Bruins lock up Patrice Bergeron in 8-year deal

Patrice Bergeron’s new contract could keep him in Boston through 2022.
John Tlumacki/Globe Staff/File
Patrice Bergeron’s new contract could keep him in Boston through 2022.

Earlier this month, Patrice Bergeron contemplated the idea of being a lifelong Bruin.

Now he’s set up to achieve that goal.

On Friday, the Bruins signed Bergeron to an eight-year, $52 million extension. The eight-year term, like the one goaltender Tuukka Rask signed Wednesday, is the maximum to which a team can re-up its players.


“We love the organization, we also love the city,” Bergeron said on a conference call Friday. “It really feels like home now. We don’t want to go anywhere else. So it was an easy decision for me and my family.

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“Early on I wanted to stay in Boston. I said that when I signed my three-year deal. That’s why I signed an extension before going on the market, because I wanted to stay in Boston. Now it’s the same thing here — I want to retire as a Bruin.”

And the Bruins want the same.

“We’re obviously very happy to get him signed,” general manager Peter Chiarelli said. “He embodies a lot of what the Bruins stand for. He’s a responsible player. He’s a hard player. He’s a leader. He’s a clutch player. He’s just got a classic way of carrying himself that I like to be part of and the Bruins like to be part of.”

The contract will expire after the 2021-22 season. Bergeron will be 36 years old. The alternate captain, if he remains with the Bruins through the end of the deal, would have been in Black and Gold for half of his life.


Bergeron’s extension will be effective in 2014-15. This season will be the last of his three-year, $15 million contract.

“Patrice really helped us in the team-building aspect, too,” Chiarelli said. “I give a lot of credit to him because he sees what we’re trying to do here and the [average annual value] is nice for team building and it’s something that helps us in future years.”

The cap hit will be $6.5 million per year, third on the team to Rask ($7 million) and Zdeno Chara ($6,916,667). The deal is front-loaded, with Bergeron earning $38 million over the first five years and $14 million in the final three, according to an industry source with firsthand knowledge of the contract.

Chiarelli praised Bergeron multiple times for his willingness to sign rather than hit the open market. The Bruins have most of their key players signed long-term.

“I try and be proactive on our core guys,” Chiarelli said. “I want to try and get these guys locked up — I call them pillars of the team.


“He’s a leader, he stands for what we stand for, he’s proud to wear a Bruins logo, he sets a great example — all these things.

“He knows that he could have gotten more on the open market, no question.”

Bergeron, who turns 28 on July 24, has established himself as one of the NHL’s elite two-way centers. Chicago’s Jonathan Toews may be Bergeron’s closest rival. This past season, Bergeron was runner-up to Toews for the Selke Trophy as the NHL’s best defensive forward. Bergeron won the Selke in 2011-12.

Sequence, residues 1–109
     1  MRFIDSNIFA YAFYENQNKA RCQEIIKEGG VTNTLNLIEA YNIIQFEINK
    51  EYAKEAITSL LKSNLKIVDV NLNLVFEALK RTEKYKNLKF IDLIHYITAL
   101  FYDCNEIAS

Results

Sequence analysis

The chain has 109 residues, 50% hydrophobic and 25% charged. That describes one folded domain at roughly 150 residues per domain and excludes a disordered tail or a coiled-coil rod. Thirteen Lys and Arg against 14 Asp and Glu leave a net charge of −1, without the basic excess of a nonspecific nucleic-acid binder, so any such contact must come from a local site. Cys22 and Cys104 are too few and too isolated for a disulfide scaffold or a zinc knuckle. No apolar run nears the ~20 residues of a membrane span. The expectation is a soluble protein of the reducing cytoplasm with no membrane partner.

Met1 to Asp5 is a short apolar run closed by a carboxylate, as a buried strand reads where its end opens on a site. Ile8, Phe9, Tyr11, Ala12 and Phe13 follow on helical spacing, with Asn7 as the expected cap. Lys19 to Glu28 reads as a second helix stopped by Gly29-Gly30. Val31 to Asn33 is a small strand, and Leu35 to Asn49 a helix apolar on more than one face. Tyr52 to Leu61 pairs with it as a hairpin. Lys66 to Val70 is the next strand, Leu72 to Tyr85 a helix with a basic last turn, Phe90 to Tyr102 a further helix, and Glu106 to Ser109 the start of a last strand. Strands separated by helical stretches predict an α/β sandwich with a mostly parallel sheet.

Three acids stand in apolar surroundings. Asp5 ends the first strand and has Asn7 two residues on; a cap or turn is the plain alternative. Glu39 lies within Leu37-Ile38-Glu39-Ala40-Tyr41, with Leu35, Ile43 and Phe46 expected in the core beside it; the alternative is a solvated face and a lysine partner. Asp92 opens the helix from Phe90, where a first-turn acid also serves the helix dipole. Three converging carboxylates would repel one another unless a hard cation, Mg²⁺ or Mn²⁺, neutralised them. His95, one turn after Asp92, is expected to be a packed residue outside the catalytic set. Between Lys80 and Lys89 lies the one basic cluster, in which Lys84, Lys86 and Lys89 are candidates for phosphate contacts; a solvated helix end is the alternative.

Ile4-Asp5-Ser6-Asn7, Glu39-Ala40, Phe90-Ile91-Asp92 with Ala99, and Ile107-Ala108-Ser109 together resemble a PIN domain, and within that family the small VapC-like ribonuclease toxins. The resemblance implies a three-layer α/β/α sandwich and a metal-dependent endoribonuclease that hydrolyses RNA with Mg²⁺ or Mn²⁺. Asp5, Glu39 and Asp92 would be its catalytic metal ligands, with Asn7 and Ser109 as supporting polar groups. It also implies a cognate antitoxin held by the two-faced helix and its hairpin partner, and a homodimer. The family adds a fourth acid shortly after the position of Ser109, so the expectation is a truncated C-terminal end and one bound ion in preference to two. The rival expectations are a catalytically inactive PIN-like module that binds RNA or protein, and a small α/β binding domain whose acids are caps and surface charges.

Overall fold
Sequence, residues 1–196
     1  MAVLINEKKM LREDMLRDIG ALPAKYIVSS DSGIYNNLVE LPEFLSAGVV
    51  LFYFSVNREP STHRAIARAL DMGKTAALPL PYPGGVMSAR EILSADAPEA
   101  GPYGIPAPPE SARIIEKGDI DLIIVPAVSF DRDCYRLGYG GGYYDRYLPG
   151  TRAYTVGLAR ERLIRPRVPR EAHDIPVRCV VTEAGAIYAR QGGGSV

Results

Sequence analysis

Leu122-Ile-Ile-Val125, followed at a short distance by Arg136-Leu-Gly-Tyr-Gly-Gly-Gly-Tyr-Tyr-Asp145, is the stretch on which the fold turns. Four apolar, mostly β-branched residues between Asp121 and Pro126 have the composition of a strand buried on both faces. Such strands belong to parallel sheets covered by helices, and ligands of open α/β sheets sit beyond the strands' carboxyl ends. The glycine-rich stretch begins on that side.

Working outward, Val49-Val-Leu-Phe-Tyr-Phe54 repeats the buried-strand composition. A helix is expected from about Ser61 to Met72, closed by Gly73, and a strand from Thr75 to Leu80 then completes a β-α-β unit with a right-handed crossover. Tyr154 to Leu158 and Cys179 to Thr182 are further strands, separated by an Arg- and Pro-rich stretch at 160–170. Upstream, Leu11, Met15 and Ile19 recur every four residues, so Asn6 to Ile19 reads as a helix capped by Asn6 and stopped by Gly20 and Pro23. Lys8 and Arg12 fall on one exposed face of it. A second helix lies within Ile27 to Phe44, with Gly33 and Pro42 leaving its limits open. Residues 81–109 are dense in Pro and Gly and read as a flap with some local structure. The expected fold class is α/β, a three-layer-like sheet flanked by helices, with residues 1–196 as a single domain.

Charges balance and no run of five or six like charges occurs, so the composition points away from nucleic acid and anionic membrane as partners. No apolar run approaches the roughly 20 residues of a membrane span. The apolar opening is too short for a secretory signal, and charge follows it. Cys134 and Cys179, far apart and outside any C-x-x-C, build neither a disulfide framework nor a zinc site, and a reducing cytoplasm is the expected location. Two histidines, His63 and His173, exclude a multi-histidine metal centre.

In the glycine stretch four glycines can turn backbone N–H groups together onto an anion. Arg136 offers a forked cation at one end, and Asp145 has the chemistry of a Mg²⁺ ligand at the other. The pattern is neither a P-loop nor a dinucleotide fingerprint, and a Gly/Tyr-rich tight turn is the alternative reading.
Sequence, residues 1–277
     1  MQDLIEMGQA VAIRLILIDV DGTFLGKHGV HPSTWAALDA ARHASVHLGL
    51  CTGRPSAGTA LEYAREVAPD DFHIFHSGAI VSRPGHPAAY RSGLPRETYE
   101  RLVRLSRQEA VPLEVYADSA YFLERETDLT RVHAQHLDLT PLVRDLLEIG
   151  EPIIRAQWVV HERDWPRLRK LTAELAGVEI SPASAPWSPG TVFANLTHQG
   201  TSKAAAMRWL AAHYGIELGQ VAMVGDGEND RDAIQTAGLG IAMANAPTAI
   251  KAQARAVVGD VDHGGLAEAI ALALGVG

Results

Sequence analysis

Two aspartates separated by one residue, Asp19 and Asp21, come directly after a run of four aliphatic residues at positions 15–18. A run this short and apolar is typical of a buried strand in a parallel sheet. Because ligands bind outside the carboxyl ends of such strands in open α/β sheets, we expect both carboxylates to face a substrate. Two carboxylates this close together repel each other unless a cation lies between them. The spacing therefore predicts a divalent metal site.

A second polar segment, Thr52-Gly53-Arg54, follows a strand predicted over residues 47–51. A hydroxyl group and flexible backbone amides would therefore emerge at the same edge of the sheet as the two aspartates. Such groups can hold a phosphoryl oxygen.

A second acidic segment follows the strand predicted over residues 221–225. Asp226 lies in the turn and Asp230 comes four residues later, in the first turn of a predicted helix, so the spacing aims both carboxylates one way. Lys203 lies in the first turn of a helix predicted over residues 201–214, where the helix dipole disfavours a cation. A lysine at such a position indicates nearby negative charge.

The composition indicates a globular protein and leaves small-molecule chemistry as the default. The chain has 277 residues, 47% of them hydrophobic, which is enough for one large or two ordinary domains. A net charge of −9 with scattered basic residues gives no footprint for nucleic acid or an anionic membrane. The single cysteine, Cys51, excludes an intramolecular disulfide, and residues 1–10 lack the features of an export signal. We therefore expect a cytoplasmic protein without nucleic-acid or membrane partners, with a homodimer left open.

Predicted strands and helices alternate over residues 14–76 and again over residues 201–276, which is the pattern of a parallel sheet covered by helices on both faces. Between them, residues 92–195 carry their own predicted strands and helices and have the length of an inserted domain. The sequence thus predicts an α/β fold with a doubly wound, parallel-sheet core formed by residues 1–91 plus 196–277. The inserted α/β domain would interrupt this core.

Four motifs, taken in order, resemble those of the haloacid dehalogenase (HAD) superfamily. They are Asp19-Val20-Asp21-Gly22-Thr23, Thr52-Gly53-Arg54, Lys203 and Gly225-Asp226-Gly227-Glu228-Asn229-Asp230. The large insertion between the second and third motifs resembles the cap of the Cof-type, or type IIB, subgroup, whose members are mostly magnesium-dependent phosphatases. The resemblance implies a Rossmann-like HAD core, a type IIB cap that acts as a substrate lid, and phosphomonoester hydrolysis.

Bergeron had 10 goals and 22 assists in 42 regular-season games in the lockout-shortened season. He centered the second line, mostly between Brad Marchand and Tyler Seguin.

But in the playoffs, Bergeron elevated his performance. He had nine goals and six assists in 22 games, and played a critical role in the Game 7 rally against Toronto in the opening round.

In the Stanley Cup Final, Bergeron sustained torn rib cartilage in Game 4, a broken rib in Game 5, and a punctured lung and separated shoulder in Game 6.

Monday will mark three weeks since the collapsed lung, and Bergeron said he is feeling better, but that he is still not supposed to increase his heart rate until the four-week mark.

“It’s more about the lung and making sure,” Bergeron said. “They put a hole through my rib cage to get the air out and make sure that my lung was going back to its place and staying there. So now the four weeks is to make sure that everything heals and that it doesn’t collapse again.”

He said he has been able to do some rehab on the shoulder, and expects to be ready for training camp in September.

The primary concern of Bergeron’s extension is his concussion history. He suffered the fourth concussion of his career April 2, missing six games. Bergeron’s major concussion took place Oct. 27, 2007. The injury ended his season.

Chiarelli said that while there is always risk in giving a long-term deal to a player, he was willing to accept that risk in this case because of Bergeron’s character and resiliency. But, he added, “it certainly wasn’t something we took lightly.”

The deal means the Bruins are largely set for the near future, with $65.7 million (over the cap) committed for next season, and $57.5 committed for the following season.

And it gives them a chance to continue to compete for another Cup.

“They’re a huge reason why I wanted to be in Boston for a while,” Bergeron said. “We have a great team, a competitive team every year. We all want to win. You can see the desire in every player.

“It was a very easy decision for me and my family to stay in Boston. I love the city and the people and the organization and my teammates. It was a very good decision and I’m very happy to say that I’ll be a Bruin for a long time.”